People with HIV, or human immunodeficiency virus, have an increased risk of COVID-19 reinfection, according to a new report from the Centers for Disease Control and Prevention (CDC).

Looking at COVID-19 and HIV infections in Chicago, CDC researchers determined that reinfection rates were consistently higher among those with HIV compared to those without HIV, even when adjusting for demographic factors, residence and COVID-19 vaccination status.

CDC researchers analyzed data from March 2020 through May 2022 from 453,687 Chicago residents with reported COVID-19 cases and found a total of 5 percent experienced a COVID-19 infection more than 90 days after their first, including 6.7 percent — or 192 out of 2,886 — of those with HIV and 5.2 percent — or 23,642 out of the 450,701 —of those without HIV.

The study found those with HIV who experienced COVID-19 reinfections were older, with a median age of 43 years old, compared to the median age of 36 years old from those without HIV.

Those with HIV were also more likely than those without to have had one full COVID-19 vaccination round plus an additional dose, 31.8 percent versus 22.1 percent. Among those with COVID-19 reinfections, those with HIV were also less likely to be unvaccinated than compared to those without HIV, 87.5 percent versus 91 percent.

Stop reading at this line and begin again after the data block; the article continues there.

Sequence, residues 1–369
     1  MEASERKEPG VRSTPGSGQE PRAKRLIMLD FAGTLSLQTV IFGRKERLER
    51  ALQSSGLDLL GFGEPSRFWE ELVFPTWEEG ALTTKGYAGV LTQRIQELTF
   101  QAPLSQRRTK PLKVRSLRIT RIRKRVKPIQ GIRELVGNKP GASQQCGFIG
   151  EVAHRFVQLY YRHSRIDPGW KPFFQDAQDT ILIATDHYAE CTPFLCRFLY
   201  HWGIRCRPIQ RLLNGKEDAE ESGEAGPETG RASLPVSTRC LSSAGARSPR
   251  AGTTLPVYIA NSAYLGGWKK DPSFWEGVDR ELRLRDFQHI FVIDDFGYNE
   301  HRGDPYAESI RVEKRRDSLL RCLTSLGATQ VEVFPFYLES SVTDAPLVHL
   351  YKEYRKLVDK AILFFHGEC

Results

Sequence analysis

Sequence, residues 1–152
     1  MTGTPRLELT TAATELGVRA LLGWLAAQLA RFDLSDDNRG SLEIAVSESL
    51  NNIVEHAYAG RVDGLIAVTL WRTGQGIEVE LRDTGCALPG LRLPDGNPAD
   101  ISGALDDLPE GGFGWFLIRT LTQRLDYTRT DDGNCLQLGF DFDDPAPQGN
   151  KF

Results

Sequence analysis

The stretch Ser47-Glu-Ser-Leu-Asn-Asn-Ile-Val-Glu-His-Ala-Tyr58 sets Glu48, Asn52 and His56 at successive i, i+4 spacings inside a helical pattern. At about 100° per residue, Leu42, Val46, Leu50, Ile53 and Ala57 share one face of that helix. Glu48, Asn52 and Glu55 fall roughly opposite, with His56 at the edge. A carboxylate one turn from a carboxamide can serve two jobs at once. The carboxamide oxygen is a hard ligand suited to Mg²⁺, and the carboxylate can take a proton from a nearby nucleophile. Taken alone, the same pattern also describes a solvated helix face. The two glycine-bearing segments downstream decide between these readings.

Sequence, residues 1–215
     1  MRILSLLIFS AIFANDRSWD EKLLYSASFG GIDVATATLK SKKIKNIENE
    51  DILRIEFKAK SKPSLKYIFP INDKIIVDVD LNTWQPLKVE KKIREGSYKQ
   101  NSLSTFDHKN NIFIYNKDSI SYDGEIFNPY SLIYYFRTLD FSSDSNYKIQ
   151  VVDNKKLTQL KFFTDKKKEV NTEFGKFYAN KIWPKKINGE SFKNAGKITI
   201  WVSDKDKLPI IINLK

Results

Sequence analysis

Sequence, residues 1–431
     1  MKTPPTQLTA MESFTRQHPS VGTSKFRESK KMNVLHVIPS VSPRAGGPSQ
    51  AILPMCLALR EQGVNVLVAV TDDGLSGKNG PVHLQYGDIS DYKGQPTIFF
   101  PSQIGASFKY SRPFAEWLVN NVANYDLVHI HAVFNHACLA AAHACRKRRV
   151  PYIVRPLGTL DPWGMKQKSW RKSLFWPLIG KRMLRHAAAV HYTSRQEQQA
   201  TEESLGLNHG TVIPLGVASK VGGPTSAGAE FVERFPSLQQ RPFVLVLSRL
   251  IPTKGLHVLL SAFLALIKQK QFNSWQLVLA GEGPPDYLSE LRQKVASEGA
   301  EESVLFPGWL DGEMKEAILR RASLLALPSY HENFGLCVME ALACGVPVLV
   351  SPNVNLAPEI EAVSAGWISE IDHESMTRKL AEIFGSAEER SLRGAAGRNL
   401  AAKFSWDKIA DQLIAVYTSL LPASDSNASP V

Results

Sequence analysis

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HIV attacks the body’s immune system and if not treated, can lead to AIDS, or acquired immunodeficiency syndrome. While multiple studies have shown those who are immunocompromised may be more vulnerable to COVID-19, the CDC noted the lack of understanding surrounding any connection between HIV infections and COVID-19 reinfections.

The study further found reinfection rates in those with HIV remained higher than those without regardless of their white blood cell count, which determine patients’ immune function.

“This finding indicates that even persons with well-controlled HIV infection might have a higher risk for SARS-CoV-2 reinfection compared with PWOH [person without HIV],” researchers wrote.

Following the findings, the CDC said it recommends people with HIV follow the recommended COVID-19 vaccine schedule and booster doses to avert a COVID-19 reinfection.

“Evaluating the association between HIV infection and SARS-CoV-2 reinfections using surveillance data can help strengthen public health recommendations including the need for extra doses as part of a primary series, booster doses of vaccine, and optimized ART [antiretroviral therapy] in PWH [people with HIV]. Tailored guidance and prevention messaging for PWH can help reduce the elevated risk we identified in this analysis and limit continued SARS-CoV-2 transmission,” researchers wrote.

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